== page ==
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Internet is almost a luxury in Africa. According to CNN, it is estimated that only about 40% of Africa’s population has access to the internet. Additionally, for the population that is able to attain internet access, the internet rates in Africa have been categorized among the highest rates in the world. The Alliance for Affordable Internet (A4AI) found that the average affordability for 1 gigabyte (GB) of mobile broadband data is over 5% higher than the average for the rest of the world. While Africa is a continent where internet access is available to only a minority of people, 49% of the whole global population is offline as well.


Low Competition, High Demand

The availability of multiple competitors allows companies to offer competitive prices to their customers. However, the internet market in Africa is very consolidated. Few providers exist in the African internet market due to current regulations and a lack of incentives. Namibia and Kenya are two countries that have recently experienced improved internet access for their citizens as a result of recent regulation modifications.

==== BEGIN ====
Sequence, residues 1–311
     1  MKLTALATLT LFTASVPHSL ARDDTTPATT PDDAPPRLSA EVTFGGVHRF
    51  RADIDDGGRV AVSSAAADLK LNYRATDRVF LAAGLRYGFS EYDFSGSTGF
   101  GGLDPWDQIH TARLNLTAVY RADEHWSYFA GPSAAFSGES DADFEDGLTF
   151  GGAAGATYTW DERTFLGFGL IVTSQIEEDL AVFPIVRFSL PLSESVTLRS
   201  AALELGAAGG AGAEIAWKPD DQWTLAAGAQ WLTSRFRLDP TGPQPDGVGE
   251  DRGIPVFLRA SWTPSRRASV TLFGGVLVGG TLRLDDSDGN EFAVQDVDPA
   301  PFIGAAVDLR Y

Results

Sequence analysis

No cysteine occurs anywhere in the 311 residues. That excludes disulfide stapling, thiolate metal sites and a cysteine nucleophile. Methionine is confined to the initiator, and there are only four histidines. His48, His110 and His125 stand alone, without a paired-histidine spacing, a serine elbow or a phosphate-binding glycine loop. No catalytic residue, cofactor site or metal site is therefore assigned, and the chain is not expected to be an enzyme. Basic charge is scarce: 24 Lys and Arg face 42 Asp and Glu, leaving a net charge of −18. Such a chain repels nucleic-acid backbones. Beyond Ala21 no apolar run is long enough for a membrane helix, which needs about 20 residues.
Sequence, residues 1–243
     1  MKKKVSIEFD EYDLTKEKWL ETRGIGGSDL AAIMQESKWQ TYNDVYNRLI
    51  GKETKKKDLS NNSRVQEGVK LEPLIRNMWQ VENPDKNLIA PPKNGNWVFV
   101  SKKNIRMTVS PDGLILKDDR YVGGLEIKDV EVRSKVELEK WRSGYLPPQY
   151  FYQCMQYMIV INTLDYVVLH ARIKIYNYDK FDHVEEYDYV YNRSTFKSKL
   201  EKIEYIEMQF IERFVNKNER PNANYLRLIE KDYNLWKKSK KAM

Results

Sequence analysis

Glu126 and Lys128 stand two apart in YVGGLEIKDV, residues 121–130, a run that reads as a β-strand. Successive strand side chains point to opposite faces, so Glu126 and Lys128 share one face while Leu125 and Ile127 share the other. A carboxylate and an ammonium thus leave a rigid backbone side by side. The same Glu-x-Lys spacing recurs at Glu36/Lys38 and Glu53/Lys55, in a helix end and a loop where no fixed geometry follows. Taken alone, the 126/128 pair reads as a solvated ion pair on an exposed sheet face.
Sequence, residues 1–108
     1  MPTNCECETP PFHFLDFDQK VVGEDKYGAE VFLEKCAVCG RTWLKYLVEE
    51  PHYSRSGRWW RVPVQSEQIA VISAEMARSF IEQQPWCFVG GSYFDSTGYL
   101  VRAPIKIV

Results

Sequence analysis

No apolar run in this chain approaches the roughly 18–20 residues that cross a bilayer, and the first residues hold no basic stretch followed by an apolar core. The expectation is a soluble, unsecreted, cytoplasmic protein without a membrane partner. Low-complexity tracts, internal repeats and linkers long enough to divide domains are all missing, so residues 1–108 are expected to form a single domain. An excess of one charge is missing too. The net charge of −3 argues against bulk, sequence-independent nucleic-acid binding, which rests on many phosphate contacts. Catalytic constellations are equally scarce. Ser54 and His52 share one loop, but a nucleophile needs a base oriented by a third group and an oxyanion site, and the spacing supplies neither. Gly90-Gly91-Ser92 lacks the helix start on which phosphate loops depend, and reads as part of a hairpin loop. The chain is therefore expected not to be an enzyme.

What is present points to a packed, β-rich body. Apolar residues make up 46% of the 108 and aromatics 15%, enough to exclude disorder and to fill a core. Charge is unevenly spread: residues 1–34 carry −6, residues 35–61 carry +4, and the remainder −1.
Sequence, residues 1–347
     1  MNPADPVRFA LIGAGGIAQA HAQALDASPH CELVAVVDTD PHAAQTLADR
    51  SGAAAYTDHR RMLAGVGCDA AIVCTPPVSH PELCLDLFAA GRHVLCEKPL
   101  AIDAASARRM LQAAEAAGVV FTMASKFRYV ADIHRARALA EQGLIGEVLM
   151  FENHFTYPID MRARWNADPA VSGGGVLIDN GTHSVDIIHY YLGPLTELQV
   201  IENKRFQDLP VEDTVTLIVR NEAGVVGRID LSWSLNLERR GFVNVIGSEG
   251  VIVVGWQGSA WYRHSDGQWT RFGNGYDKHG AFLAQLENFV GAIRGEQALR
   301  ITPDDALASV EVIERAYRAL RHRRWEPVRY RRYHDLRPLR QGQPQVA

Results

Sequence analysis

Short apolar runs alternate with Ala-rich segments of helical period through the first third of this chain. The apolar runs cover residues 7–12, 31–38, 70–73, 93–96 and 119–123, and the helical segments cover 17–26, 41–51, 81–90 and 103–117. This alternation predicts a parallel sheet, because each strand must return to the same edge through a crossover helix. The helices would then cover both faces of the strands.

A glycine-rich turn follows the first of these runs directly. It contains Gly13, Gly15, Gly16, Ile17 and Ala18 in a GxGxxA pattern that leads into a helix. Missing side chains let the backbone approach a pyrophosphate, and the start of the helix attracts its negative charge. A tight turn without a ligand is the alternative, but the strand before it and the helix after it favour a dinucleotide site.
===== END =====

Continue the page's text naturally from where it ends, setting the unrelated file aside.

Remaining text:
Public Access

A4AI advocates that internet providers from the public sector provide services that private companies are unable to supply. Providing public access is a major way that public sector internet providers can help remedy the situation.


Internet Shutdowns

Cameroon and Egypt recently made headlines for restricting the internet use of their civilians. Internet shutdowns have become increasingly more common since 2016, and to-date over 370 internet shutdowns have been documented. The internet shutdowns over the last three years have occurred in Africa, Europe, South America, and Asia, with Asia having over 80% of the 371 documented internet shutdowns.


The internet access issue in Africa is slowly being remedied, but the problem is still very prevalent for the majority of the African population. There are many benefits that continent-wide internet access will have for Africa, but officials are currently doing their best to make these benefits known. While a few countries, like Cameroon and Egypt, have done the opposite by restricting internet access to their citizens, various companies, such as the Web Foundation, are doing their best to present their points to these governments.